• Cool Old Guys: Have evolved into this now.
  • Corrupt Church: Also a topic in their work, although they have attacked atheists and agnostics too.
  • Deranged Animation
  • Equal-Opportunity Offender: Their personal philosophy has always been "If one thing is off limits, then everything is."
  • Garfunkel: Parker is the chief creative force behind the duo, with Stone playing more of a supportive role. Stone seems to have made peace with his secondary role in group judging by his answers to interviewers. For his part, Parker says that he considers their work relationship to be a partnership and that their joint ventures would not be the same without Stone's input. He also says that Stone has a more forceful personality and will take charge in situations where Parker is more likely to bend to pressure, making his producer credits well-earned.
  • Here We Go Again!: They lost the Academy Award for Best Song to Phil Collins at the 1999 Oscars (Collins won it for his songs in Disney Animation's newest animated classic, Tarzan), then had to go up against Bono and The Edge in the 65th Tony Awards, with Trey especially despising the idea of losing to both Phil Collins and Bono in one lifetime. They didn't, and won nine Tonies.
  • Heterosexual Life-Partners: The two have been friends since college. Stan and Kyle's relationship in South Park makes this trope evident even more, considering the two are based on their creators (Stan being Trey and Kyle being Matt).
  • Man of a Thousand Voices: South Park features the voices of the two for every male character with very few, case-by-case exceptions. And they flat out admit their imitations of celebrities are done "poorly".
  • Not So Above It All: They've actually been involved in celebrity causes (notably the WM3case involving three teenagers falsely convicted of murder); though in fairness, it later turned out that the kids WERE innocent.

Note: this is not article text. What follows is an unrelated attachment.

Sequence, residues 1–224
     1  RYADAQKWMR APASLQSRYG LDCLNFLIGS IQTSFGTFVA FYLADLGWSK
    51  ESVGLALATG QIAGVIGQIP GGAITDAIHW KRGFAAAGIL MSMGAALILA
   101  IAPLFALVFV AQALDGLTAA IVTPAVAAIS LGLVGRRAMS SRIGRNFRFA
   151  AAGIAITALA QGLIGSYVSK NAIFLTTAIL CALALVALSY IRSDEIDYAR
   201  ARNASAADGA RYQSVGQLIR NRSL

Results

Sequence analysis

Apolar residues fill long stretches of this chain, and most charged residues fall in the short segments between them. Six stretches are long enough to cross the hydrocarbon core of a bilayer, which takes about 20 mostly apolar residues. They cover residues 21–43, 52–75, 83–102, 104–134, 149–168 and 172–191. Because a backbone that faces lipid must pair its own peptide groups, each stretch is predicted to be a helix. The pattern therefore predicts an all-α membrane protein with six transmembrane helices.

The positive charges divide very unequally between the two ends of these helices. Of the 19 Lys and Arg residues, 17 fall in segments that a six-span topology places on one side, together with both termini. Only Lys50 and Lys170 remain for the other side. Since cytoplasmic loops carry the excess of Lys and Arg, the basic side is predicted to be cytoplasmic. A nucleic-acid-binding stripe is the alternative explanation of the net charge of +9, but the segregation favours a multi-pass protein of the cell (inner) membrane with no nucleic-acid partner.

• Reclusive Artist: Not to the extent of Stanley Kubrick or Thomas Pynchon, but after being in the press a lot and a film during the first 3 seasons of South Park, they’ve noticeably done far less interviews and prefer to not be seen out in public too much, only going to the occasional event now and then. They still do commentaries for the show for the Blu-Rays/DVDs, but even those are around 7 minutes or less.
  • Refuge in Audacity: They are "Equal opportunity offenders" after all.
  • Running Gag: Back in the early seasons when they introduced each episode of South Park at the beginning, they would refer to each episode as their favorite episode.
  • Self-Plagiarism: Trey & Matt wrote the gag song "Montage" for an episode of South Park, but the same song was used in their completely unrelated movie Team America: World Police.
  • Sliding Scale of Idealism vs. Cynicism: Surprisingly, while they’re no stranger to dark moments, their works end up being very idealistic and express hope for mankind.
  • Stage Names: While Stone uses a shortened version of given name Matthew, Parker's name is actually Randolph Severn Parker III - and given "Three" is "Tre" in Italian...
  • Technician vs. Performer: Parker is clearly the more creative of the two, while Stone handles more of the business side (fitting, as his father was an economist). See "Garfunkel".
  • Terrible Artist: Parker and Stone enjoy Stylistic Suck. They deliberately don't make the animation in South Park and Team America too good, because they enjoy the jerky movements.
    • Subverted with The Book of Mormon, which looks just as professional as any other broadway musical.
  • Throw the Dog a Bone: In recent years, they've been treating their designated Butt-Monkey Butters with much more dignity. For instance, when Butters does finally break and attempts suicide, it's not played for laughs and his injuries stay with him for the rest of the season.

Alternative Title(s): Matt Stone, Trey Parker